Photo by Tony Sampas
Photo by Tony Sampas
The Greater Lowell Community Foundation announced the deadline for completing the first step in the process for “Capacity-Building Grants” applications.
The Greater Lowell Community Foundation is seeking concept papers for our Capacity-Building Grant cycle.Deadline to submit a Concept Paper is Wednesday, July 11 @ 12 noon(step 1 in the application process).What are Capacity Grants?
Capacity grants are intended to strengthen organizations so they can better meet strategic goals and long-term objectives. GLCF encourages applications for projects that improve organizational effectiveness through technology, staff training and development, technical assistance, improved financial systems, strategic partnership or collaboration with another organization, diversifying or developing new funding sources, and strategic planning.For more information about the 2012 Grants Program Guidelines and Procedures: click here
The Tewksbury Public Library is always a busy place beyond the circulation of books and other communication media. The Library is truly a community center – offering programs and speakers for all ages and all interests. Next week the Library continues its theme of boxing in the Merrimack Valley. Irish Mickey Ward himself made a recent appearance speaking about his memoir before over 100 patrons. This week look for:
Blood, Sweat & Tears: Training MickyMonday, June 18 at 7pmTewksbury Public Library, 300 Chandler StreetTrainer Mickey O’Keefe will discuss Micky Ward, “The Fighter”, and his own career, before taking questions from the audience.Mickey O’Keefe, a Golden Gloves winner in his own right, trained both Dicky Eklund and Micky Ward, childhood friends. Mickey played himself in “The Fighter”. Mickey, a police sergeant, has been with the Lowell Police Department for more than thirty years.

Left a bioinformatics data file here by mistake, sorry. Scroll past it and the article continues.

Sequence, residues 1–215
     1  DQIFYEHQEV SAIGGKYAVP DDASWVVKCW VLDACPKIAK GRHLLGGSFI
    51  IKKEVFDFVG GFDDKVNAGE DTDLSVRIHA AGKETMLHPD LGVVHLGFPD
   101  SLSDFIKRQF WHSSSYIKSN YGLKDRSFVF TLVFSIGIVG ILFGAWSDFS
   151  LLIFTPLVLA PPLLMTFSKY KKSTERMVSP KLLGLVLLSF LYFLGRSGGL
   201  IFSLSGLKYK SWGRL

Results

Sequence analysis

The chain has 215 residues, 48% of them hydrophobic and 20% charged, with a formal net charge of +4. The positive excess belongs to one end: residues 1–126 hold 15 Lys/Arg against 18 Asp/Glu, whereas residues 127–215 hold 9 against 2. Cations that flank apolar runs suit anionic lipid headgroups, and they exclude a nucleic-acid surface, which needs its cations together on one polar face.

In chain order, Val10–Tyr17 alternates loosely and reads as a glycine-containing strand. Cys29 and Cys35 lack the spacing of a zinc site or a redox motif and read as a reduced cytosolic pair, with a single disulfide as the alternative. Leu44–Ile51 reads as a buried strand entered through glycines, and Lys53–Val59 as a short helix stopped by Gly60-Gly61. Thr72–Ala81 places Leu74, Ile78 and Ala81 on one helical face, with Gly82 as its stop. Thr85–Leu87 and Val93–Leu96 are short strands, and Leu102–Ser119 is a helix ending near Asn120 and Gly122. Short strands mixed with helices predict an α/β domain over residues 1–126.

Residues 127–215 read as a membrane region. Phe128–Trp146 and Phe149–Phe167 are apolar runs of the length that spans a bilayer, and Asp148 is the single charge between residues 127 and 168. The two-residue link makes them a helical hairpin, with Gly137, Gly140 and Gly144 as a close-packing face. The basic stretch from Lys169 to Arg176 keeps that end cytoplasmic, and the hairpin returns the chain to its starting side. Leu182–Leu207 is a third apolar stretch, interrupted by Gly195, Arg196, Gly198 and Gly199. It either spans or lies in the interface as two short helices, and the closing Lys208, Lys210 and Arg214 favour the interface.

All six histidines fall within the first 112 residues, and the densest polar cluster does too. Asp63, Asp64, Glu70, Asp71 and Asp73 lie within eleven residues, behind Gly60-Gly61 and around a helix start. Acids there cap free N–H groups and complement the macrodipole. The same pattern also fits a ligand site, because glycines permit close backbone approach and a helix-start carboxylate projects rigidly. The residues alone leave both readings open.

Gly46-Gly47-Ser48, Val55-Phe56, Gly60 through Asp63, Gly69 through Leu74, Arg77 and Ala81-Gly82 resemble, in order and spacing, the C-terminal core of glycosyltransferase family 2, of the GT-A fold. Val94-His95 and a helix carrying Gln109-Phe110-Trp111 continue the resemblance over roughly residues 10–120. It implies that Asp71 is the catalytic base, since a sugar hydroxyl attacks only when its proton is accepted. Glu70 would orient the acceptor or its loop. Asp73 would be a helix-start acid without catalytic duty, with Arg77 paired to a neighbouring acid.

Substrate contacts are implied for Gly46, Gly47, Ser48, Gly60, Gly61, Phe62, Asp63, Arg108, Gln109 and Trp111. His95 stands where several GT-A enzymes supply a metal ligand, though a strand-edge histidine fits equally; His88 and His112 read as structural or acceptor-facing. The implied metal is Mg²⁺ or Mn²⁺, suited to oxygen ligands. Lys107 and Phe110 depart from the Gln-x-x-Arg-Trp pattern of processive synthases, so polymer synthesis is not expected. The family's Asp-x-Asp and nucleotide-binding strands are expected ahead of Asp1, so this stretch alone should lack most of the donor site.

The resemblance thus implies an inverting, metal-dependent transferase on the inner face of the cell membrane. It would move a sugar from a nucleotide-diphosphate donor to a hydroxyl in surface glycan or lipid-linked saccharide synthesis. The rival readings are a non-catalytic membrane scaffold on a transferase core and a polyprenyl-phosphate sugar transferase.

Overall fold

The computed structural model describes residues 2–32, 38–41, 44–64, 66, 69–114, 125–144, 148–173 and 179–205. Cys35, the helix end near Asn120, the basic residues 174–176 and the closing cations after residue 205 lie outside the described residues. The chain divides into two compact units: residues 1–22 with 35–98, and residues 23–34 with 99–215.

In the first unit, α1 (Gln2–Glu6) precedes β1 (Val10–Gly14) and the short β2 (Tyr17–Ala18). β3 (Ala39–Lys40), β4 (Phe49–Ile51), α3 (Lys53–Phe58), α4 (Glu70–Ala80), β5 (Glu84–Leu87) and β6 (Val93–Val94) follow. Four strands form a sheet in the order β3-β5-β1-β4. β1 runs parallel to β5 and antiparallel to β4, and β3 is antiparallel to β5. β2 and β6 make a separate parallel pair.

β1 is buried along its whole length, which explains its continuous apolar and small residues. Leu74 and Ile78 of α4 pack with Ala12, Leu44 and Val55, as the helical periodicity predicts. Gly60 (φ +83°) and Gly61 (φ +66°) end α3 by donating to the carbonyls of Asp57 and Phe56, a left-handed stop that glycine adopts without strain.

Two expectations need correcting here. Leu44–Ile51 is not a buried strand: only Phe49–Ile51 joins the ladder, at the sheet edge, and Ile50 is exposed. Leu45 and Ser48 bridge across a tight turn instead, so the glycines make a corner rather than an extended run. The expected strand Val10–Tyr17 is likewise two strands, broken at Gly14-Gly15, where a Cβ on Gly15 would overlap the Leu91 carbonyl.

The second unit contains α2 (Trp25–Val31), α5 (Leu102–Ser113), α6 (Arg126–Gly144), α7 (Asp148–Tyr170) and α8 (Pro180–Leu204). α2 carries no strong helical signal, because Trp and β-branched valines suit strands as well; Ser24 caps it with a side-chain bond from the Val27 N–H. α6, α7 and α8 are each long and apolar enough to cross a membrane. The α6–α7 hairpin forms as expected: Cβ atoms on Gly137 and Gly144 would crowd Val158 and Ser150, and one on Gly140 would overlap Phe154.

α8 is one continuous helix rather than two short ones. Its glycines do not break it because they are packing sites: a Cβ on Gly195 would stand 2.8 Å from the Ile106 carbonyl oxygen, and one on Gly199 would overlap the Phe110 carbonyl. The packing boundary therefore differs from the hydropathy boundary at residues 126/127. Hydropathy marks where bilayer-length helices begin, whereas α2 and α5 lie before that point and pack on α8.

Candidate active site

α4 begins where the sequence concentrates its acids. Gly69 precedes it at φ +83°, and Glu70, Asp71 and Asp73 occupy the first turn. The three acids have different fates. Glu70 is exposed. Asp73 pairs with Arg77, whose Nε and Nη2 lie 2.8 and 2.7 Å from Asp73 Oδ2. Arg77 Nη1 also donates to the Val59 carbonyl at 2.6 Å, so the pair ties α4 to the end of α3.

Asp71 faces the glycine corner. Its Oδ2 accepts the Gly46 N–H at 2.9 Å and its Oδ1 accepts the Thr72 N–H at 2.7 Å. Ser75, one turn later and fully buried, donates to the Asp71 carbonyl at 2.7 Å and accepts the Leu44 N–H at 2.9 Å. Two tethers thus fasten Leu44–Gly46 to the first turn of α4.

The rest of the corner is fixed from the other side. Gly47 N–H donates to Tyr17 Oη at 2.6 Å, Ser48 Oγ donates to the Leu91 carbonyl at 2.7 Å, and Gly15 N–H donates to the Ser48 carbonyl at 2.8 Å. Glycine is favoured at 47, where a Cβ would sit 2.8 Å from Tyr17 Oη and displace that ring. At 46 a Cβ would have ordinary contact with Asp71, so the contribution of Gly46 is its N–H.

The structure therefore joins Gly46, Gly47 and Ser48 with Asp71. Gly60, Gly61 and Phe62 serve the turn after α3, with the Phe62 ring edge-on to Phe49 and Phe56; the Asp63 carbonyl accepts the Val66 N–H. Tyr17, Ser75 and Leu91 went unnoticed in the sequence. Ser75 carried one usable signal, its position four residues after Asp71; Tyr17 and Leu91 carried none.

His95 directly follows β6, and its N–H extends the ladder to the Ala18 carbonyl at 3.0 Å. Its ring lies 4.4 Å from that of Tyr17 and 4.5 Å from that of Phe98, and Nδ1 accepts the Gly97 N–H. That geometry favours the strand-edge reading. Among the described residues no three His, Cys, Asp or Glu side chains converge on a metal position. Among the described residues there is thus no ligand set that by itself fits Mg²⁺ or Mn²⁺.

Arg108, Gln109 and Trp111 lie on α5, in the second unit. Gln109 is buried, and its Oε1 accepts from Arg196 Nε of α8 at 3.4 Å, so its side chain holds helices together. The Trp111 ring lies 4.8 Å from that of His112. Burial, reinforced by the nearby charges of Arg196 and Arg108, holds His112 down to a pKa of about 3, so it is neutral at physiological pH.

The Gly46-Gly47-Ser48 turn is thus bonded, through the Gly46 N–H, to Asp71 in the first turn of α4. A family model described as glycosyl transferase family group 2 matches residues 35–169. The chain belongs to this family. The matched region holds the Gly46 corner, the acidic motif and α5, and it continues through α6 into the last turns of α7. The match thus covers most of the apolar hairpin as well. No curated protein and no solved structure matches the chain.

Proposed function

Boxing for DummiesTuesday, June 19, 7pmTewksbury Public Library, 300 Chandler Street
Mel Peabody will demonstrate the basics of boxing with the help of his students.
Mel Peabody has been the owner of Lawrence Boxing Club for the past 20 years. The Lawrence Boxing Club provides a safe, well-supervised and supportive haven for at-risk youth to learn the art of boxing. In the process, they develop self-discipline, self-confidence and sportsmanship that will serve them throughout their lives. Lawrence Boxing Club has an open door policy and a family-friendly atmosphere. Former champions mingle with young men and women, providing positive examples of how learning self-discipline leads to success in life. The Lawrence Boxing Club does not charge for the services and lessons provided by the highly trained and certified volunteer staff. Most members come from Lawrence and range in age from 11 to 34
An Evening with Tony DeMarcoThursday, June 21, 7pmTewksbury Public Library, 300 Chandler Street
Tony DeMarco will discuss his legendary career; show a short documentary; answer questions from the audience; and sign copies of his brand new biography - Nardo: Memoirs of a Boxing Champion. Copies of Tony’s book will be available to purchase for all interested fans.
Tony DeMarco was an Italian kid from Boston’s North End, who rose through the boxing ranks to eventually become Welterweight Champion of the World during the Golden Era of Boxing. Tony, one of Boston’s most beloved sports figures, is now active in the community and involved with many organizations such as the Italian American Sports Hall of Fame and the Veterans Boxing Association.
Breaking Into the Boxing BusinessFriday, June 22, 7pmTewksbury Public Library, 300 Chandler Street
USA Boxing’s Gary Bevis will discuss how individuals can become boxers and boxing officials.